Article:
Tourists visiting the Karnak Temple in Luxor - Flickr
CAIRO _ 27 December 2019: Head of Karnak Antiquities Mostafa el Sagheer announced that four sphinxes from Luxor’s Karnak Temple will be placed in Tahrir Square in Cairo alongside an obelisk which was recently moved to Tahrir Square to decorate it.
This obelisk was transferred to Tahrir square from San El-Haggar archaeological site in Zagazig two months ago.
The transferred sphinxes were taken from behind the temple’s first pylon, not from the famous avenue of sphinxes known as Kebbash Road that once connected Karnak and Luxor temples, they are from the first courtyard behind Karnak’s first pylon.
That courtyard contains 30 pairs of sphinxes that once decorated the temple’s second pylon.
During the 22nd, 25th and 30th dynasties, the sphinxes were removed to the temple’s first courtyard, in order to free the second pylon for the construction and installation of the Taharqa column and a group of shrines.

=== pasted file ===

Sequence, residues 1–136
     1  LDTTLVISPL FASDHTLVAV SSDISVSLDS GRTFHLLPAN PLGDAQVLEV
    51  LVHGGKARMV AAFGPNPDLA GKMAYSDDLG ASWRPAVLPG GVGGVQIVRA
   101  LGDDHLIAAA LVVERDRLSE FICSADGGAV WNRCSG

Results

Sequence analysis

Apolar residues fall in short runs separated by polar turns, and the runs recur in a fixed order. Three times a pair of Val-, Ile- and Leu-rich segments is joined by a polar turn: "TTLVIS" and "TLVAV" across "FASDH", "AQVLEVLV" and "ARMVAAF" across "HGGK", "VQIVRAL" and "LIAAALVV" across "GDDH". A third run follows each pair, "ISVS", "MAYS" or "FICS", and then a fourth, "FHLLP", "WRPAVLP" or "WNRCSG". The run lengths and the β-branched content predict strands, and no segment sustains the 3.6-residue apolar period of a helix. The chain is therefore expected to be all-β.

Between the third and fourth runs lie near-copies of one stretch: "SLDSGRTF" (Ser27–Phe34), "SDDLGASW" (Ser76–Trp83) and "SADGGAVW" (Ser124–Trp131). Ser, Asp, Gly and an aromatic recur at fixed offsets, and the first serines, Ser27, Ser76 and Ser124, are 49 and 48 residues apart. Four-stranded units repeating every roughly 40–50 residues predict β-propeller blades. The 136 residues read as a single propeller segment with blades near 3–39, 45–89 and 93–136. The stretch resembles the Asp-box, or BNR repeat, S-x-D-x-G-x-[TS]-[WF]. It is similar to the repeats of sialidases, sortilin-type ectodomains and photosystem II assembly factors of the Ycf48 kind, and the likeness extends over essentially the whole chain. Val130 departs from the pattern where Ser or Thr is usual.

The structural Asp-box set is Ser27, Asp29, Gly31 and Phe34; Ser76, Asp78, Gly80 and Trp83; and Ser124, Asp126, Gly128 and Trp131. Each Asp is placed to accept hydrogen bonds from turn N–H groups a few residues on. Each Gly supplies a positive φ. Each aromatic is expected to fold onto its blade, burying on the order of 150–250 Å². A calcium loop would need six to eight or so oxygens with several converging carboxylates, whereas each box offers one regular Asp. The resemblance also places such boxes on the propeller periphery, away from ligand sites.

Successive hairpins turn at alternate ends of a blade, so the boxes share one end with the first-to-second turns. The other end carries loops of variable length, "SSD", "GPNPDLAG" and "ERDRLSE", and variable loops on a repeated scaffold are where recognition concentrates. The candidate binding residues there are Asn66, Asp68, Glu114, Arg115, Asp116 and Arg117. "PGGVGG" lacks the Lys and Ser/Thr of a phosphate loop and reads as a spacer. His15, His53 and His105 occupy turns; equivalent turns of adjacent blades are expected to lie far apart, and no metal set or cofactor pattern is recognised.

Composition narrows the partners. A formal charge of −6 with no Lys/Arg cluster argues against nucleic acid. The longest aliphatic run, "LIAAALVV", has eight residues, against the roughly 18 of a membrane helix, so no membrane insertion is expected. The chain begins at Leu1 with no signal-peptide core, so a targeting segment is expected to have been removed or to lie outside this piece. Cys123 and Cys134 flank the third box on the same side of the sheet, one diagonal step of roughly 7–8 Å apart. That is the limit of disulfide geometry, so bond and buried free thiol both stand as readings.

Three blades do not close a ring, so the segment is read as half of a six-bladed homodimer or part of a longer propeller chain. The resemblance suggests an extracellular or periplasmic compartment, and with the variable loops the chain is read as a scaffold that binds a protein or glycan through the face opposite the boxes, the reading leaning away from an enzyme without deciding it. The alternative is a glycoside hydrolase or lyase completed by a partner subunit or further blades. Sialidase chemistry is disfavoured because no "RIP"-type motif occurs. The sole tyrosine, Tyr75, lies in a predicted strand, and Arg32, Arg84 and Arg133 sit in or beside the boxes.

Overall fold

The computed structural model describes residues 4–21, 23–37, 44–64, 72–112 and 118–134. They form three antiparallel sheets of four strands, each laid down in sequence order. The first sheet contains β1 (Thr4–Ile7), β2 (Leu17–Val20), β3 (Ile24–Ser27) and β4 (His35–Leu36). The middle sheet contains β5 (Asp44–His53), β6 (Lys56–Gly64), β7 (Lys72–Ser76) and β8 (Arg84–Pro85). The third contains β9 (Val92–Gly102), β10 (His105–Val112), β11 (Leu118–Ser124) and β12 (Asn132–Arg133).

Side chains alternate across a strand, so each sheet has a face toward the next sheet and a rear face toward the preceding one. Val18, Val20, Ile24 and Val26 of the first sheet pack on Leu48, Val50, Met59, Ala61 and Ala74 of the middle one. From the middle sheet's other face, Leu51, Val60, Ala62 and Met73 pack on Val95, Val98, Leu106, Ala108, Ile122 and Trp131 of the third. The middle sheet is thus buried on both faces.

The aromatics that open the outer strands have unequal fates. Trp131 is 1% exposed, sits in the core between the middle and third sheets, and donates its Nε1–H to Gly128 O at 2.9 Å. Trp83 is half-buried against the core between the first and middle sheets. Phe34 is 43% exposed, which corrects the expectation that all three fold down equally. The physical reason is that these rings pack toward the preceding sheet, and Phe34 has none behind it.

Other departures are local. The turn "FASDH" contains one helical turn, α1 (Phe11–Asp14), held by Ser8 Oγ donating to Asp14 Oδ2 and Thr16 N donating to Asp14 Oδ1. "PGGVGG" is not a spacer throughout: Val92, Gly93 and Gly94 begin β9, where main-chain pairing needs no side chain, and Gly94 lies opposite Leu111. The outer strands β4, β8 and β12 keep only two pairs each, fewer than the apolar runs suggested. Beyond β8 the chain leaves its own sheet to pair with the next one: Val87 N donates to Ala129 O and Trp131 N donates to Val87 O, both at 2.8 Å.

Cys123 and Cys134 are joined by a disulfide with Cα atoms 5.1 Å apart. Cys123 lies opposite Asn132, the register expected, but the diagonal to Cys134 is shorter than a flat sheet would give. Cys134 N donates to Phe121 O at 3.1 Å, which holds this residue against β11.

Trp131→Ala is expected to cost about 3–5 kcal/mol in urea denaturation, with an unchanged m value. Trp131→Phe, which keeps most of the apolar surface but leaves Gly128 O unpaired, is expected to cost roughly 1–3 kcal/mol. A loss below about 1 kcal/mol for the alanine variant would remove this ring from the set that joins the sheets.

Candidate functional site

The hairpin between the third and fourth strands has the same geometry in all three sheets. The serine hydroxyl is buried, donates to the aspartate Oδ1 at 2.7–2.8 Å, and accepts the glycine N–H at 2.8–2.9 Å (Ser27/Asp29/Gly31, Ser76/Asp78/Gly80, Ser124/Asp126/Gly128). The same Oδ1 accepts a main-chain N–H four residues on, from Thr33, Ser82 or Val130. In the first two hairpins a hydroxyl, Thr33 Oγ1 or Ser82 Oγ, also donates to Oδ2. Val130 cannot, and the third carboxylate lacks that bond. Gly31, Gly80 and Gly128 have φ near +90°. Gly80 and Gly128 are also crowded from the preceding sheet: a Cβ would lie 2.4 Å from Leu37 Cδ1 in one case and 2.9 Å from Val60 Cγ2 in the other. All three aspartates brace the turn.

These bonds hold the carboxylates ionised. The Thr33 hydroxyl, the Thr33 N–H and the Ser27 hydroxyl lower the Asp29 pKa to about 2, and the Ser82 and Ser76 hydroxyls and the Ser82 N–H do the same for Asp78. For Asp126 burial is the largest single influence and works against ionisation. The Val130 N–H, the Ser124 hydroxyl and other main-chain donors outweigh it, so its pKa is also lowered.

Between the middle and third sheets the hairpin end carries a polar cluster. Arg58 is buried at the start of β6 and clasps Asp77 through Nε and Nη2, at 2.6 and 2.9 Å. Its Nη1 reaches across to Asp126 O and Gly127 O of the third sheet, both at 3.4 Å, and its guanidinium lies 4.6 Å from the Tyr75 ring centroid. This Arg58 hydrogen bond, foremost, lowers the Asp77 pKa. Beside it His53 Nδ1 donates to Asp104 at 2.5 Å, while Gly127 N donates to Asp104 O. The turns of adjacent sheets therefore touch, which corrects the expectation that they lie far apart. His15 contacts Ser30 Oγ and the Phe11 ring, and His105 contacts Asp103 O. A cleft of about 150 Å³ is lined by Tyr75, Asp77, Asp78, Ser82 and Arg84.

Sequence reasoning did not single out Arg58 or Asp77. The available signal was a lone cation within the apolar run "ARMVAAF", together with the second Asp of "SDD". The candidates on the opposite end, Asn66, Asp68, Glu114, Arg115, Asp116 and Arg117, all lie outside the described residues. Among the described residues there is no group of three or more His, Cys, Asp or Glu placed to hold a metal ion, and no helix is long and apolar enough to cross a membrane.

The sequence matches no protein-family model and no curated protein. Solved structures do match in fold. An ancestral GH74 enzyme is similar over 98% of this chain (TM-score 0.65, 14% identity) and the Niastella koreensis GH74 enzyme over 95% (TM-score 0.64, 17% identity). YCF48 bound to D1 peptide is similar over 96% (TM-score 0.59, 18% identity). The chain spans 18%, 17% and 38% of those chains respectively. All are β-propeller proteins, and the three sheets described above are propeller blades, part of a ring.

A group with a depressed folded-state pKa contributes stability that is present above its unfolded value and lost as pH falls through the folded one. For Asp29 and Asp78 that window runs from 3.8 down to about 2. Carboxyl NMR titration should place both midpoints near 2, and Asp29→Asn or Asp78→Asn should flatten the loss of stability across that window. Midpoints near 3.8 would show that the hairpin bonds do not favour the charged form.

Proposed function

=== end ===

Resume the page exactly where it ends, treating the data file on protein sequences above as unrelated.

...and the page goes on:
More than 90 percent of Kebbash road has been restored and developed, and will inaugurated soon.
The Pharaonic Kebbash Road is to become the longest gangway and open museum in the world.
The renovation of the Pharaonic Kebbash Road is considered a monumental moment for Luxor, as the project will bring the great road to life again.
Its new design is set to change Luxor’s position on the touristic map, as it will become the longest gangway and open museum in the world.
It is expected that the new makeover of Kebbash Road will attract tourists the world over and play a vital role in pushing the Egyptian tourism forward.
Kebbash Road will be reopened after its renovation.
In Ancient Egypt, Kebbash Road connected the Karnak Temple Complex with the Luxor Temple.
During the time of the Pharaohs, the road was one of the most important, as it hosted ceremonies and festivals.
The road was opened to the public in March 2013 by the Minister of Tourism.
Although Kebbash Road is 2.7 kilometers long, a walk through it is enjoyable as there are around 1,200 statues lining one side of the road, each resembling the Sphinx (where the head is that of a ram and the body is that of a lion) and sculpted from sandstone.
This meaningful decoration is dedicated to Amun, as the head of the statues are in the form of the god’s while the rest of the statue — the body of a lion — is a means of protecting the temples from looters.
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